WASHINGTON -- More than 18 months before the 2012 election, the first advertisement in the presidential race has been released, with a newly formed group friendly to President Barack Obama using the recent missteps of former House Speaker Newt Gingrich in an attempt to tarnish former Massachusetts Gov. Mitt Romney.
Priorities USA Action, the outfit started by former Obama White House aides Bill Burton and Sean Sweeney, unveiled the first of what promises to be an expensive series of television spots on Friday. Titled "Pages," the ad will air in South Carolina in advance of Romney's visit there. It swipes the Massachusetts Republican for his support of House Budget Committee Chairman Paul Ryan's (R-Wis.) proposal to turn Medicare into a voucher system.
The criticism piggybacks off remarks Gingrich recently made, in which he called the Ryan plan "radical" and "right-wing social engineering":
Newt Gingrich says the Republican plan that would essentially end Medicare is too "radical". Governor [Nikki] Haley thinks the plan is courageous, and Gingrich shouldn't be cutting conservatives off at the knees. Mitt Romney says he's "on the same page" as Paul Ryan, who wrote the plan to essentially end Medicare. But with Mitt Romney, you have to wonder ... which page is he on today?
Watch the ad:
The ad contains a lot to unpack, including using Gingrich as a wedge for Republicans. The former speaker has been on a lengthy, bumpy apology tour for his remarks about Ryan's Medicare proposal, going so far as to insist that any ad quoting his words would somehow be "false".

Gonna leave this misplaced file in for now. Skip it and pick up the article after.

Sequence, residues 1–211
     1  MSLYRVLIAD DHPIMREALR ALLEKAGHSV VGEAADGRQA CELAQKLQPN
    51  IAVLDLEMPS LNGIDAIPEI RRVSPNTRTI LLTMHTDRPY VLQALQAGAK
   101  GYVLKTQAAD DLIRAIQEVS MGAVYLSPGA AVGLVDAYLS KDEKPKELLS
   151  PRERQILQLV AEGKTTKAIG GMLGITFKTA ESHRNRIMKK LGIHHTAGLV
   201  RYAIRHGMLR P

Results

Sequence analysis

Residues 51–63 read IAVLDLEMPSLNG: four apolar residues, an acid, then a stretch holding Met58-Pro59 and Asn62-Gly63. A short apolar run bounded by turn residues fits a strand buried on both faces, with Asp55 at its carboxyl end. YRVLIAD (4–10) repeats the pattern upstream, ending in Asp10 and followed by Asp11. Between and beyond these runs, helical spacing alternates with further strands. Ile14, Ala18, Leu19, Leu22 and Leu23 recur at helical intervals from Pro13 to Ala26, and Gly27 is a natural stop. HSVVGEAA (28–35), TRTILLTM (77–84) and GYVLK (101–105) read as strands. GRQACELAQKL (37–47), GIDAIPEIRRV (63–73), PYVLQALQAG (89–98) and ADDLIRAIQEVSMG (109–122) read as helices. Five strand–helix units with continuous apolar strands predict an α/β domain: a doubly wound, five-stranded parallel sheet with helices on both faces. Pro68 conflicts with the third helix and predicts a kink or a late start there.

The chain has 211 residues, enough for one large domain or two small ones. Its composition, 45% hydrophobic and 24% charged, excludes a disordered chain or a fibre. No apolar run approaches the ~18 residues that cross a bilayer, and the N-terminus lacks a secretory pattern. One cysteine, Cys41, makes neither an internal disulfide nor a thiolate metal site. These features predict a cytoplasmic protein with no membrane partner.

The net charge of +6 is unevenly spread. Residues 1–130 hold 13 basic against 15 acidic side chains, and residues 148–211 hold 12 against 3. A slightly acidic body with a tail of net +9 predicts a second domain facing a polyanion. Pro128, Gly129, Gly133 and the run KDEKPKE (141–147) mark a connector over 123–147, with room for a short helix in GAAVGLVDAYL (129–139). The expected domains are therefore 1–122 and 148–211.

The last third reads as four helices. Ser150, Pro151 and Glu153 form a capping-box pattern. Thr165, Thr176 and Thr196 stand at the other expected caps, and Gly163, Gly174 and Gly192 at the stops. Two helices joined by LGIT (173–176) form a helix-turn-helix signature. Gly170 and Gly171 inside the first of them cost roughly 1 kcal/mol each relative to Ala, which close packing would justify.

Beyond Gingrich, however, the ad's use of health care as a campaign issue marks a dramatic 180-degree shift from the 2010 cycle, in which Democrats acted almost universally defensive regarding the president's signature law. And on a more basic level, the move by Priorities USA Action -- signaling the rise of Democratic-leaning third-party entities -- is a significant new development.
Of course, Priorities USA Action may not end up raising the same amount of money as, say, American Crossroads, the group founded with the help of former Bush White House advisers Karl Rove and Ed Gillespie. Indeed, its eagerness to launch the first salvo in the 2012 ad wars suggests that it's still looking to make a splash and draw the eyes of potential donors. But the group, along with others, is likely to tip the scale to some degree -- in the process, crowding the airwaves even further and alarming those already wary about secretive money in campaigns. Priorities USA Action, a political action committee, reveals its donors, but its sister organization, Priorities USA, a 501(c)(4), does not.
Andrea Saul, a spokesperson for Romney's exploratory committee, responded to the new ad in a statement. "President Obama’s first campaign ad is an attack ad. President Obama and his team are desperate to change the subject to anything other than jobs and the millions of Americans out of work. With 9.6% unemployment in South Carolina, voters are looking for a jobs plan not a smear campaign," she said.
The ad, Burton told the Atlantic's Marc Ambinder, "will run during Romney's trip over the weekend across South Carolina and online at election year levels."
This article has been updated to include a statement from Romney's spokesperson.
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